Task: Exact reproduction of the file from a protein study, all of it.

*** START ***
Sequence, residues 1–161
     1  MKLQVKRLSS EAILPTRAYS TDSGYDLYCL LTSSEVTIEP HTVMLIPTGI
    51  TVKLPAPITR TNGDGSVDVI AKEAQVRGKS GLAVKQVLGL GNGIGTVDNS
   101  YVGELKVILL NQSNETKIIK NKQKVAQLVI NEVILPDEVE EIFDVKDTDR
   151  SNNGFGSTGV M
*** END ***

Sequence, residues 1–161
     1  MKLQVKRLSS EAILPTRAYS TDSGYDLYCL LTSSEVTIEP HTVMLIPTGI
    51  TVKLPAPITR TNGDGSVDVI AKEAQVRGKS GLAVKQVLGL GNGIGTVDNS
   101  YVGELKVILL NQSNETKIIK NKQKVAQLVI NEVILPDEVE EIFDVKDTDR
   151  SNNGFGSTGV M